Today’s feast of the Immaculate Conception of Mary – “the Blessed Virgin Mary, from the first moment of her conception, by a singular grace and privilege of almighty God, and in view of the merits of Jesus Christ, Saviour of the human race, was preserved free from every stain of original sin” – provides an excellent opportunity to review the central points of the Gospel as Catholics understand it.
1. It is possible to be without sin. Mary never sinned. Her heart never wavered.
Here’s a corollary that might help us take this doctrine seriously. Recently, popular piety has focused a lot on Mary’s “yes” at the Annunciation. Often this turns into drama about God wondering whether she would say no.
But the doctrine of Mary’s sinlessness means – among others things – simply that there was no chance of Mary saying no. That’s not who she was. Mary was as likely to say no as – less likely than – say, Pope Benedict is to break into a Lady Gaga song. That’s just not who she is.
And that’s our destiny: we too are called to be without sin. Heaven, in fact, is the place where there will no longer be any chance of our saying no: not because we don’t have the chance, or don’t have the freedom, but because that won’t be the kind of people we are.
2. “Without sin” really means “close to Jesus.” Why Mary? Well, we believe this doctrine because Scripture tells us she was “full of grace.” Not because we think it had to be so – God did not need to make Mary full of grace – but because God tells us that in fact he did it.
Nonetheless, why did he do it this way? To show that sinlessness is not really emptiness of sin, but fullness of grace. And fullness of grace is really fullness of love: love of Jesus. God made Mary the preeminent saint because Mary shows us that it’s all about loving Jesus.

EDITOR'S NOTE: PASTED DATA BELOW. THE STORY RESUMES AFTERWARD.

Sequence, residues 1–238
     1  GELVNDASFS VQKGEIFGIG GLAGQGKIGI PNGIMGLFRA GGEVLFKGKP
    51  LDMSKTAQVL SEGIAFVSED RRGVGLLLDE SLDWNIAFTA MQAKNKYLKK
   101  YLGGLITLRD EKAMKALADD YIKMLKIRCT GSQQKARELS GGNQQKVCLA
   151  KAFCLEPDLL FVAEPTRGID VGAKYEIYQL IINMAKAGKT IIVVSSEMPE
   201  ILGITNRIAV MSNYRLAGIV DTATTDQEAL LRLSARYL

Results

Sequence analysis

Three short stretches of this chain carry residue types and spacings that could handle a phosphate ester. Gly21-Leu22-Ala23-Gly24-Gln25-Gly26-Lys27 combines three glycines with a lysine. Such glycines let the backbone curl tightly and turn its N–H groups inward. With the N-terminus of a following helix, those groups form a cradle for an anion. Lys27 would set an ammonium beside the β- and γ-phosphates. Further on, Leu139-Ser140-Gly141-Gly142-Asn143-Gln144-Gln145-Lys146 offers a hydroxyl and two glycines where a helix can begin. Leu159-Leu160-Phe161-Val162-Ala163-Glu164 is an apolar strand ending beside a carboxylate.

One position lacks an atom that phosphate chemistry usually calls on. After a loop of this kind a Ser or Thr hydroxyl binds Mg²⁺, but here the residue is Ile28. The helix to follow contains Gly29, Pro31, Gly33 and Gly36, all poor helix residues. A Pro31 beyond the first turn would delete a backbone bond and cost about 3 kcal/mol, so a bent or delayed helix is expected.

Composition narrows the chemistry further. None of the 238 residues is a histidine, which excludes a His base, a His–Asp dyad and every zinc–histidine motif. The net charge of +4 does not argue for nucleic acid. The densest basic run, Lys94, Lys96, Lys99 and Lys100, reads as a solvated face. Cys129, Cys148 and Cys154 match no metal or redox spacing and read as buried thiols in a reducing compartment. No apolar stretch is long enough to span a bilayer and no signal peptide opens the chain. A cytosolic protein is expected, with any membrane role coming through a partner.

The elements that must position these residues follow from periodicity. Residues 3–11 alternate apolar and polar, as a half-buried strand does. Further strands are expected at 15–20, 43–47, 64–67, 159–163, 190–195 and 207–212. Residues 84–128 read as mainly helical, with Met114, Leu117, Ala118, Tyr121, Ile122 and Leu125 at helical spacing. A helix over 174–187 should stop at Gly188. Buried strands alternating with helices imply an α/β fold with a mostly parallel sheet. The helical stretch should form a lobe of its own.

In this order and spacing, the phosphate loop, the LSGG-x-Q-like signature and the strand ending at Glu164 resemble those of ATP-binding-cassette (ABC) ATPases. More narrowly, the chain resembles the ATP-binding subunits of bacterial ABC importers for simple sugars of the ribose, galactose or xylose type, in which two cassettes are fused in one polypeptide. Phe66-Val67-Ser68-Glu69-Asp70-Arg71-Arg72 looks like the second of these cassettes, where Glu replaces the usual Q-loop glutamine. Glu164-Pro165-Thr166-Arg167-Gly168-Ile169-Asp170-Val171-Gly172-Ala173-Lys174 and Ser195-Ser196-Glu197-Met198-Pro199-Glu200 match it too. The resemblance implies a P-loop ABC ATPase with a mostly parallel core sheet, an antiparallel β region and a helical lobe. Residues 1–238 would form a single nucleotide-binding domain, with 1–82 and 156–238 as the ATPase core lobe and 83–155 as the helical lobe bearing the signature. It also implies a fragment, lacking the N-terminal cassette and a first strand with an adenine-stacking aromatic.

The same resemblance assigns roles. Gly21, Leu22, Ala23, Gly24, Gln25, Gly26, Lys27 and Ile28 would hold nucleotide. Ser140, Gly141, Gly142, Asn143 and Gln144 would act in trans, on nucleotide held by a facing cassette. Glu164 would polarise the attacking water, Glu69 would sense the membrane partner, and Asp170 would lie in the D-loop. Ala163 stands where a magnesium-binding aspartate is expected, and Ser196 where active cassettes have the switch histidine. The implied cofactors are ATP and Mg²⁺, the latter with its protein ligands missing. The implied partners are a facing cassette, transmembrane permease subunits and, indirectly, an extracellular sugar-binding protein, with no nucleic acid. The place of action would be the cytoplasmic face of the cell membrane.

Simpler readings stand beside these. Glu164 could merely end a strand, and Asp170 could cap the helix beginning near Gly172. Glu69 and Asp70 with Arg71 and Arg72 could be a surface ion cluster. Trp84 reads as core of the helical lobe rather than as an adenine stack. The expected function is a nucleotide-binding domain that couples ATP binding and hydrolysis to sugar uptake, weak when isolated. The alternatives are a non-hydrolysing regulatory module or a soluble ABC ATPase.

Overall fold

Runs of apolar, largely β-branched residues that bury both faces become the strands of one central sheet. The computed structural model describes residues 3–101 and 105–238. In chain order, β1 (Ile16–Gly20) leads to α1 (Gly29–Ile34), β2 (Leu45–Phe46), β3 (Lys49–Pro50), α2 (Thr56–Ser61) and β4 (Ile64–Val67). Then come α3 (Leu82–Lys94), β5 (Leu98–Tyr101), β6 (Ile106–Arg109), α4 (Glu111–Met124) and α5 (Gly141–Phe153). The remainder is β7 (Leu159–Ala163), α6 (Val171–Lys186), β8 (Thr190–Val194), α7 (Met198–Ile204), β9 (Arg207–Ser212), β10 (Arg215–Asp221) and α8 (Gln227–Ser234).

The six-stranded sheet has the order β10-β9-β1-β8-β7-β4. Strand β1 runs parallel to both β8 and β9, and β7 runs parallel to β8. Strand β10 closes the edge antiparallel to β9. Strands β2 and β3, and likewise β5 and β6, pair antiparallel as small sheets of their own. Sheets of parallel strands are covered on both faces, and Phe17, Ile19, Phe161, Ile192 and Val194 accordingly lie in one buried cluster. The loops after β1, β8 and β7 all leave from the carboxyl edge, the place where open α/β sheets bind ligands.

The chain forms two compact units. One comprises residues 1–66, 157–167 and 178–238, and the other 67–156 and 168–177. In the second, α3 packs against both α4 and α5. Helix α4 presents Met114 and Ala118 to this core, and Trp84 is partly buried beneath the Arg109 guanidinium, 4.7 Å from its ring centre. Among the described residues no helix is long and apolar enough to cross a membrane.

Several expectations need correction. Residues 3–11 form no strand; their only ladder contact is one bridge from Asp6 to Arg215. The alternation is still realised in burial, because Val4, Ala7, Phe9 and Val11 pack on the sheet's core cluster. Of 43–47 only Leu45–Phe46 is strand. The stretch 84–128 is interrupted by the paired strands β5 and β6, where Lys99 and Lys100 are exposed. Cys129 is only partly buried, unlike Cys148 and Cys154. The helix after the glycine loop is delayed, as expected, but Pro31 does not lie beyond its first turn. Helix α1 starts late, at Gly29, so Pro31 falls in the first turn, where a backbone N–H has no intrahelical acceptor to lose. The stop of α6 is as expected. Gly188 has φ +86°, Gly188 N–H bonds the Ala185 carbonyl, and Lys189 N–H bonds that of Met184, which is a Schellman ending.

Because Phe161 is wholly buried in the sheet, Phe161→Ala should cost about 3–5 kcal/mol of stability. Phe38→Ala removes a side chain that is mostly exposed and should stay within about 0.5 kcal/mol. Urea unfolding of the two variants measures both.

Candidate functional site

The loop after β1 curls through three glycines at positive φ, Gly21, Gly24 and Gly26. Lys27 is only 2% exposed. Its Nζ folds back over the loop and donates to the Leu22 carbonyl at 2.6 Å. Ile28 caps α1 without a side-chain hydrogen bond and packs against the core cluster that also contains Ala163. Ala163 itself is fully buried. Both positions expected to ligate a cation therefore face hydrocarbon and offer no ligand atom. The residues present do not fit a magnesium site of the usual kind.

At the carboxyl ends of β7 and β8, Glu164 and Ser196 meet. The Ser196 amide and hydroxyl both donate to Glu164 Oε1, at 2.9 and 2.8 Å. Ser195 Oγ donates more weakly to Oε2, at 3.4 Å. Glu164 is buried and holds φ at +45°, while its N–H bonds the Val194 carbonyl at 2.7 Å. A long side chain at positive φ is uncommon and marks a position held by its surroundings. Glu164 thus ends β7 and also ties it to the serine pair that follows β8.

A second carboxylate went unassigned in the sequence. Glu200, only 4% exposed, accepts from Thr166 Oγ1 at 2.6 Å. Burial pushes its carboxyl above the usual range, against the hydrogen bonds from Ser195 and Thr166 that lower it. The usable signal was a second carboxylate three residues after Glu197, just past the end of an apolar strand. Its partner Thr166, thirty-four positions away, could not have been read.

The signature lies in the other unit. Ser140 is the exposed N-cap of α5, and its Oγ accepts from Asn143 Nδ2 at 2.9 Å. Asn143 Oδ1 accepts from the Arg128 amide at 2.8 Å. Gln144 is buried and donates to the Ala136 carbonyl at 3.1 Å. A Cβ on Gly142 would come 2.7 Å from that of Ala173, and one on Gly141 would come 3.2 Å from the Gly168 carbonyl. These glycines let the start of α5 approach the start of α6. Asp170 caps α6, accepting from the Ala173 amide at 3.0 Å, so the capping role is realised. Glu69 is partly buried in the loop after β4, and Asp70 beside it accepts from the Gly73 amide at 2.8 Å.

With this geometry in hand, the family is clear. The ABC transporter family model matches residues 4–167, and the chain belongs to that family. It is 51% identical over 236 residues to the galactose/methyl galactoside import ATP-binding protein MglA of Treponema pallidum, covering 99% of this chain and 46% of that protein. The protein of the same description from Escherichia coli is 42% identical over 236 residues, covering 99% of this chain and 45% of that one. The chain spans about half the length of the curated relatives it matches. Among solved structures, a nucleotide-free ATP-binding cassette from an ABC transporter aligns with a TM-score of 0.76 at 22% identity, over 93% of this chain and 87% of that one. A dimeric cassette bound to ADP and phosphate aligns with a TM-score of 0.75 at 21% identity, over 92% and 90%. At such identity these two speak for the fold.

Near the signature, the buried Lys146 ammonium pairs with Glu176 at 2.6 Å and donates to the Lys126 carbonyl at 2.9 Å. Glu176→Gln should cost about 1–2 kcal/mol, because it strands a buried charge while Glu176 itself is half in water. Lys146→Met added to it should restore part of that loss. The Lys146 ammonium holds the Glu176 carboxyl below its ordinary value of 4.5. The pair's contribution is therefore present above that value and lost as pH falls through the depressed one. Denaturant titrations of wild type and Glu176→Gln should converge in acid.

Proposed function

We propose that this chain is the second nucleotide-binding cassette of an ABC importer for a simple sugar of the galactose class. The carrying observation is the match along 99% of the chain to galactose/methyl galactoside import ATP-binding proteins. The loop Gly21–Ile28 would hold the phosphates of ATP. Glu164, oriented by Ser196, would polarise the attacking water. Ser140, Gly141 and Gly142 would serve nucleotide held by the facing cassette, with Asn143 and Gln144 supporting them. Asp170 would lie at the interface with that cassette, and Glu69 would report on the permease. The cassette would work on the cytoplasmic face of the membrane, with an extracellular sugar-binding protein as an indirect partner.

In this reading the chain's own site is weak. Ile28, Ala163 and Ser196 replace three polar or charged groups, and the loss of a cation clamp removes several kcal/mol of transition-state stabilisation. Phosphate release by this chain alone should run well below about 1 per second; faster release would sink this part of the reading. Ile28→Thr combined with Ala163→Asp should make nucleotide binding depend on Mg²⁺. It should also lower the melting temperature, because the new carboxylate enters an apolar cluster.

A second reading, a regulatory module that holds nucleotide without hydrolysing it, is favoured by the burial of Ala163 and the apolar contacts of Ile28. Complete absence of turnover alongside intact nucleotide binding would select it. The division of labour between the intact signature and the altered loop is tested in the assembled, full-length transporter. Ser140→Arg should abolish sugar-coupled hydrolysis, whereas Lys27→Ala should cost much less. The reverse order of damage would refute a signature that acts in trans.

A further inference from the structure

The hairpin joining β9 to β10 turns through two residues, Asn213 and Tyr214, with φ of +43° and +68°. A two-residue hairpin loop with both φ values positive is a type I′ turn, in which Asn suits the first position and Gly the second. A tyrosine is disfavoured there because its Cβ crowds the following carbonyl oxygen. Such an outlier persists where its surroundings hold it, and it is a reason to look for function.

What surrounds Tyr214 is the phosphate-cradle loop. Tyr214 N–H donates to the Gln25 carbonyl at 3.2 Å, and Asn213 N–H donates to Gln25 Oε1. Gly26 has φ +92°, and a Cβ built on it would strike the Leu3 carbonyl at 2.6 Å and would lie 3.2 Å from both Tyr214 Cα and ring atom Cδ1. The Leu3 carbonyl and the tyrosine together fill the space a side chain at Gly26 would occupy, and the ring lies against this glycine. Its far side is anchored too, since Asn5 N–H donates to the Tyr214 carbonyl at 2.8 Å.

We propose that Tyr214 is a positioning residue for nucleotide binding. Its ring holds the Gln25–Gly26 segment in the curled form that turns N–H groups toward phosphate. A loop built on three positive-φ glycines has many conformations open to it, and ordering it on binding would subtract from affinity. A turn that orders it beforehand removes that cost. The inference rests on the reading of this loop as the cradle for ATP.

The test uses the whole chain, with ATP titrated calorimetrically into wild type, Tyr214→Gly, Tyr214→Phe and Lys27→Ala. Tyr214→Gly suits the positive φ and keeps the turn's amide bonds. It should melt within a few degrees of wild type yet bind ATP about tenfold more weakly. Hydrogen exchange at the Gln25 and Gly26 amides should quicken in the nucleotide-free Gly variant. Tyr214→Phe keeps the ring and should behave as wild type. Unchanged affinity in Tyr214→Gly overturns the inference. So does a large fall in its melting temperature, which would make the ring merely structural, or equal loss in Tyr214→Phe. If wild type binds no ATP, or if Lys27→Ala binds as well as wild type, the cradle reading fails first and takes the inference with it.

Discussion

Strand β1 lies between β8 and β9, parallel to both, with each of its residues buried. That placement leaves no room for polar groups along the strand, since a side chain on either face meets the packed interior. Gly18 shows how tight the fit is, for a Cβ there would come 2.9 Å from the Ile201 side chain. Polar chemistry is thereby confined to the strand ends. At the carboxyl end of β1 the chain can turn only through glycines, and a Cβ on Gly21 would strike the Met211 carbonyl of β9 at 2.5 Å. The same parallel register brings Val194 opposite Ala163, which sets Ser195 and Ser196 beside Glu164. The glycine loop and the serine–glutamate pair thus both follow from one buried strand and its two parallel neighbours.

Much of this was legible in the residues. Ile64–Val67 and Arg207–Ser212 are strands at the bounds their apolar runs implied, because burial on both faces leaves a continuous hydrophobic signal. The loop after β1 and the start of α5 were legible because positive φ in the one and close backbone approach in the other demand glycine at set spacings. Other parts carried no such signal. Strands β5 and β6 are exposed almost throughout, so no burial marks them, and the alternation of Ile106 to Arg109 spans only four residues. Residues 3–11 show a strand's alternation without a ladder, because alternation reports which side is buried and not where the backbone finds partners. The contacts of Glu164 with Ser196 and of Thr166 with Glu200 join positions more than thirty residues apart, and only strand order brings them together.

3. It is human to be without sin. Jesus was “like us in all things but sin.” Often in our self-understanding that means “not like us at all.” But the importance of his sinlessness is to show that sin is not what makes us human. In fact, sin makes us less human.
And the reason for Jesus’s coming is precisely to redeem our humanity, to let us be full of grace. Mary’s sinlessness shows the true face of redeemed humanity.
4. God wants us to be without sin. He wants us to be full of love, set free from the bondage of sin. That’s the point. That’s why Jesus came. Any idea of Jesus or of the Gospel that isn’t laser-focused on liberation from sin simply misses the whole point.
Mary is central to the Gospel – in a way, Mary is the Gospel – because the whole point is that Jesus actually does something for us, and what he does is to fill us with grace, fill us with love, and thus completely drive out our sin. To talk about the Gospel without talking about this liberation is not to talk about the Gospel at all.
5. Jesus is the way. But again, why Mary? The wonderful long prayer “the breastplate of St. Patrick” says, “Christ be with me, Christ within me, Christ behind me, Christ before me.” Jesus is above all with Mary (“the Lord is with you”) and within her, both in her heart and in her womb.
But notice too: he is behind her and before her. “Before her” (or, in front of her) in the sense that grace causes her to gaze on him and love him. But “behind her” in the sense that it is he who gives her that grace. It is Christ who causes us to love him, Christ’s grace, the outpouring of Christ’s Spirit, that is the cause of our love: “God’s love has been poured into our hearts through the Holy Spirit” (Rom 5:5).
6. Jesus is the beginning. And that grace is the beginning. God’s grace is given to us at Baptism – but God’s grace draws us to Baptism. God’s grace is given to us when we profess faith – but God’s grace causes us to profess the faith in the first place. Grace comes from touching Jesus – but it is grace that leads us to reach out to him in the first place.
We call this “prevenient” grace: the grace that “comes” (veniens) “before” (pre-) our choices. Mary does not earn the grace of Christ. She is given it at the first moment of our conception, before she does anything at all.
This is the Gospel. Let us celebrate it with joy today!
Are you ever tempted to ways of thinking about your faith that are inconsistent with Mary’s Immaculate Conception?